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7 Ways Reduce Shyness

by Mark Tyrrel

You can improve shyness today with those 7 ways to reduce it

Shy people naturally know what they are lacking. Shyness is synonym of lost opportunities, less pleasure & lost social connections.

There are tried & tested ways to get over shyness. 

In my teenage years, I was extremely shy and I recall an attractive girl attempting to engage me in conversation.

I was too shy to focus on her because I was worried about my own feelings.

It was my voice that I heard, not hers, and I thought about what I was trying to say instead of what she was trying to say.

Shyness is a combination of "too much self-focus" and anxiety.

define shy

To make matters worse, sometimes when you feel shy, you experience physical sensations that 'hijack' your calm, rational self.

My pulse raced, my mouth dried up & I felt like the village idiot!

I made barely audible grunt noises because I didn't know what to say!

When I detected pity in her eyes (or was it contempt, or boredom) I mumbled my excuse & got out of there.

I hated being shy & was determined to change it.

How shyness is developed & maintained

Basically, shyness is caused by social anxiety as well as social conditioning.

Social anxiety can be overcome by learning how to relax socially.

By doing so, you can direct your attention away from yourself & practice certain conversational skills.

Normally, the overwhelming emotions associated with socializing in childhood simply condition the sufferer to fear social situations instead of being excited and happy.

It would be wonderful to be able to socialize in a relaxed way, not to mention productive, but many lack this advantage until they learn how to relax.

Here are some tips and ideas that can help you reduce your own shyness:

how not to be shy

1)Think about how you behave and what you feel around people you are comfortable and spontaneous around.

It's that feeling transferred to new people and situations that equates to your emerging social confidence.

2)Keep your attention off of yourself.

Sure, you can think a little bit about how you are coming across, but if all your focus is on your own words and feelings then you might as well be by yourself.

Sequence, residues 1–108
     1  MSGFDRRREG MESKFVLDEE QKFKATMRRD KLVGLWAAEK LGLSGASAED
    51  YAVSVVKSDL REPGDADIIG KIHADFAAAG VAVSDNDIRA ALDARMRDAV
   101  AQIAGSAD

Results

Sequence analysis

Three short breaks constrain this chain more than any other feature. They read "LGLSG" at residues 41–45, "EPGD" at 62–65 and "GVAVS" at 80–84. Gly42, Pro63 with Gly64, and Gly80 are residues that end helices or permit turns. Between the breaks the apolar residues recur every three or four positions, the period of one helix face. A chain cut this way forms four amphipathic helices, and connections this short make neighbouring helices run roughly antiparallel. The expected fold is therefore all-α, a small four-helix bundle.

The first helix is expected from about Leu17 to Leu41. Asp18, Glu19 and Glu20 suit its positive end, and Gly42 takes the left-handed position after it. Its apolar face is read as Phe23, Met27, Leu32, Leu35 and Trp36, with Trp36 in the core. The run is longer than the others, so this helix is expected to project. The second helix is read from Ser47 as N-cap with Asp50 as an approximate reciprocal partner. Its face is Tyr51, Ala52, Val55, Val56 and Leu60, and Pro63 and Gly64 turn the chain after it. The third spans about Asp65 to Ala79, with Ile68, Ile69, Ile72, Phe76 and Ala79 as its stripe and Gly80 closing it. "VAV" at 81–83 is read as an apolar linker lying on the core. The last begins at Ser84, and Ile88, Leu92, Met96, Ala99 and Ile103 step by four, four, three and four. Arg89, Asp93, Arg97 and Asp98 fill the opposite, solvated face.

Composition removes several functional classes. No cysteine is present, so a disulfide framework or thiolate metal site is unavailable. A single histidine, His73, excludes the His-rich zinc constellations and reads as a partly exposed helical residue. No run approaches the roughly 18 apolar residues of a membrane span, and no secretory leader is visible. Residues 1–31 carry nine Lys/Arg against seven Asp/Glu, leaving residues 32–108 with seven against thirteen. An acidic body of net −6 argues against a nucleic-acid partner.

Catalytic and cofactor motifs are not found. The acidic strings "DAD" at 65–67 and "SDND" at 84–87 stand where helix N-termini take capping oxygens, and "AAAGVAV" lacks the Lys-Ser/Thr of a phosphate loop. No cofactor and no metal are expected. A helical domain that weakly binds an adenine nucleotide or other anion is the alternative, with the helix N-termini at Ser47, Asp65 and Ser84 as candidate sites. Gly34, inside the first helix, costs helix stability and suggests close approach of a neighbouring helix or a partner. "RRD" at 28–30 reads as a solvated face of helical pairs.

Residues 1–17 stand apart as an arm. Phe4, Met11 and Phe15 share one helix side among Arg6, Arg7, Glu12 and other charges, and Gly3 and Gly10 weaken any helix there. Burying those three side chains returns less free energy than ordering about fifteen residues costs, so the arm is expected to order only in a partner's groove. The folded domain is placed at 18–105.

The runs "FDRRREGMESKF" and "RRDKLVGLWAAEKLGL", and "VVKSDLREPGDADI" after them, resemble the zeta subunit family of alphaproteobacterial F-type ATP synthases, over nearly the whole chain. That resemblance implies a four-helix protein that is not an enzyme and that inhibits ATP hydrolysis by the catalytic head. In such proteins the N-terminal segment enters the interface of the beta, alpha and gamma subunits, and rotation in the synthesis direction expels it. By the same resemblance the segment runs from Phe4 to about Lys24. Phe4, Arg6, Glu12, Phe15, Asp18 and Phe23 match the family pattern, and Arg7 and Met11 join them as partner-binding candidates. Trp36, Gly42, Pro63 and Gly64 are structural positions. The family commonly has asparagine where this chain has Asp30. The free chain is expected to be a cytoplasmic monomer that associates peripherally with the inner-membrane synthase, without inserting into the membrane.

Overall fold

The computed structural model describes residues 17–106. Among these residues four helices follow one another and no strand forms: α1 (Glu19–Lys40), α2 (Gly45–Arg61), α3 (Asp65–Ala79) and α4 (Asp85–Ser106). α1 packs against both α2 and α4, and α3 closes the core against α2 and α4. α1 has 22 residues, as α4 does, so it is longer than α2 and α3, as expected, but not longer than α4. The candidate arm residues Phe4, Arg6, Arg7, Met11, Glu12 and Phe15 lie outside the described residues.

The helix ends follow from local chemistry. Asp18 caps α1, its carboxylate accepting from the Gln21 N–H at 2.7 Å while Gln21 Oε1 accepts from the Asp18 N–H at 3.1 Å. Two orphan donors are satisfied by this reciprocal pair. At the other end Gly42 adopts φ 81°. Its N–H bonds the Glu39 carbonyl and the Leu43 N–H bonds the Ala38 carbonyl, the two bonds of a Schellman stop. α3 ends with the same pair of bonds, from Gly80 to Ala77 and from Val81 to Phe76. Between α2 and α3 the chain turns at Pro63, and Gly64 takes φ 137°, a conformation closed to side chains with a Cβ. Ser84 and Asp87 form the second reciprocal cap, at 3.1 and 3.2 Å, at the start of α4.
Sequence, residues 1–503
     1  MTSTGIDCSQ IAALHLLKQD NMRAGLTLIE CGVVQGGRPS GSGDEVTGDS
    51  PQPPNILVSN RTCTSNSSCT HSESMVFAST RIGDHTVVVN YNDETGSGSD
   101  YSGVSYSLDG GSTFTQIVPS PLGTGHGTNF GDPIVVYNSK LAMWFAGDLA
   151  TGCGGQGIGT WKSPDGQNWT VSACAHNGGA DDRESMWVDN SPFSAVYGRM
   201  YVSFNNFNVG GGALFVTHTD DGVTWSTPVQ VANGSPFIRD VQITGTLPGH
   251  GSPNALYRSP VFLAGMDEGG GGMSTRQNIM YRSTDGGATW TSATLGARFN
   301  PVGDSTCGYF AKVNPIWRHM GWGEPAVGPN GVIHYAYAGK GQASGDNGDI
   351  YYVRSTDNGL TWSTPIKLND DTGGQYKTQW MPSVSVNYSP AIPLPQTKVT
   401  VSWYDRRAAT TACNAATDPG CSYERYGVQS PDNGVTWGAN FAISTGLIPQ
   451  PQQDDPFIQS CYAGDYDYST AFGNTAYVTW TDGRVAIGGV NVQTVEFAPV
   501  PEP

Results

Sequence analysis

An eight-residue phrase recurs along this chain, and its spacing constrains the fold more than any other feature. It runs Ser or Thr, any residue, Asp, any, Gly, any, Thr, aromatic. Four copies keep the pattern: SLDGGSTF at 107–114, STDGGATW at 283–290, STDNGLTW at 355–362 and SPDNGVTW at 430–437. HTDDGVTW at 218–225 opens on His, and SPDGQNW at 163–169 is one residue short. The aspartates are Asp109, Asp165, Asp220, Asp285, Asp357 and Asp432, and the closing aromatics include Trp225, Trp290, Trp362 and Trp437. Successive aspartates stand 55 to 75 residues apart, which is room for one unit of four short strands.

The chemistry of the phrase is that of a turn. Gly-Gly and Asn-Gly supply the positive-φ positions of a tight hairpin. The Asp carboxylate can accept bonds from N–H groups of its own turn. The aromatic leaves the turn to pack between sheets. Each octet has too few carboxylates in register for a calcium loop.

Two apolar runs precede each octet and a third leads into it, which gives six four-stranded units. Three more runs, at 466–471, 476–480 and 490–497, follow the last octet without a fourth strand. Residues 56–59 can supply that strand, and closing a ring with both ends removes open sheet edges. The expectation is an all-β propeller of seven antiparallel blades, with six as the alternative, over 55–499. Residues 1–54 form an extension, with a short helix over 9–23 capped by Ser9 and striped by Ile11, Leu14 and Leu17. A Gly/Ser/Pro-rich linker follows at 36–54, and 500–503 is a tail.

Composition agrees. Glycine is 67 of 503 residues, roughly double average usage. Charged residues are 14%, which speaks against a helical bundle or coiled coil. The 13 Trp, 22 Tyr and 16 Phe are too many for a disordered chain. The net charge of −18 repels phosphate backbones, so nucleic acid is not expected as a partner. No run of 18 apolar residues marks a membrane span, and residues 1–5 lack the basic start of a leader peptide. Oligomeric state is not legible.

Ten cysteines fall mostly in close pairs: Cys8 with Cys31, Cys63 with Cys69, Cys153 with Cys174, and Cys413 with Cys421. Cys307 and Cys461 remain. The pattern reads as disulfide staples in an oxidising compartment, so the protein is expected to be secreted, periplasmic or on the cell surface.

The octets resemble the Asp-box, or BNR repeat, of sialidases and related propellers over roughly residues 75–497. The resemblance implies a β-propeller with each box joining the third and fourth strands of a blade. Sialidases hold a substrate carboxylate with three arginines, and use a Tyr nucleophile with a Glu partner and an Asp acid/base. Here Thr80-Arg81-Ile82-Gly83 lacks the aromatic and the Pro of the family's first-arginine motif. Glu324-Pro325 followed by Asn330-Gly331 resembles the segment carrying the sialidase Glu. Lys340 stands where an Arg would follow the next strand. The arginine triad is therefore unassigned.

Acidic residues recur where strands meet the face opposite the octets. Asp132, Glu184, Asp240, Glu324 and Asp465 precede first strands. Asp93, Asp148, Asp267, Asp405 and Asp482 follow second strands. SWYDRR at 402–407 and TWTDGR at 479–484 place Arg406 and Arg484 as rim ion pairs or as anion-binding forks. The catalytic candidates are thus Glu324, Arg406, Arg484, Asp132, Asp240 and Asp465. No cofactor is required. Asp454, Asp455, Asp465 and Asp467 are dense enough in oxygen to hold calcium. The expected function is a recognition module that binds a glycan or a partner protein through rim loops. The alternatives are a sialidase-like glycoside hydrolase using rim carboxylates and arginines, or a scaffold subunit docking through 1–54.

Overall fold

Notice what other people are wearing and make a mental note, listen to their conversation, imagine where they might live, make a point of remembering names.

Not only does this give you more to talk about, it also 'dilutes' social anxiety leaving you feeling calmer.

3) Engage people with open questions.

Many people like to talk about themselves and will find you interesting if you find them interesting.

Ask questions that require more than a 'yes'/'no' response such as 'What do you like about this place?' rather than: 'Do you like this place?'

Once they've answered use 'add-on' questions connected to the first such as: 'What other places do you like in this city…?'

Next you can express your views.

This is a great way to get the conversation going.

If the conversation doesn't 'take' then no matter, you've done your bit.

4) Stop relying so much on your imagination!

Have you ever had an imaginary picture in your mind of a holiday destination only to arrive and find the reality is different from the way you had imagined?

That's how reliable imagination is.

Stop imagining what others think.

I do lots of public speaking and I've long since stopped trying to second guess what others think of me - it's just too painful.

In addition, a person's opinion of you has more to do with who they are than who you are.

5) Don't use an all-or-nothing mentality.

The 'completely this/completely that' style of thought occurs when you are emotional.

People who are depressed, angry or anxious see reality in terms of differing extremes, simplistic all or nothing terms.

People who are angry are 'right' and you are 'wrong'.

Depressed people feel like failures while others are successful.

There are infinite gray areas in life.

So stop worrying that you might say the wrong thing!

Or that people will 'hate' you.

You'll notice much less black and white thinking once you begin to relax more socially because anxiety actually causes you to think in all or nothing terms.

6) Take your time.

You don't have to blurt things out.

Ask questions and if questions are asked of you can take time to consider your response (within reason).

Don't just blurt out what you think might be the 'right' answer. A slow answer is a relaxed answer.

7) Finally, use hypnotic rehearsal.

Hypnosis is the quickest way to change your instinctive/emotional response to any situation.

Only think about meeting others when your mind and body is relaxed.

This conditions you to associate relaxation with being around new people.

In fact you'll find that when you relax deeply enough often enough whilst hypnotically rehearsing being comfortable around others you'll reach the point where you just can't be shy any more!

This is what I call a 'happy inability!'

I now love meeting new people and suspect that my current social confidence would be unrecognizable to my fifteen year old self.

Overcome shyness now at HypnosisDownloads.com

Article by Mark Tyrrell of Hypnosis Downloads.com.

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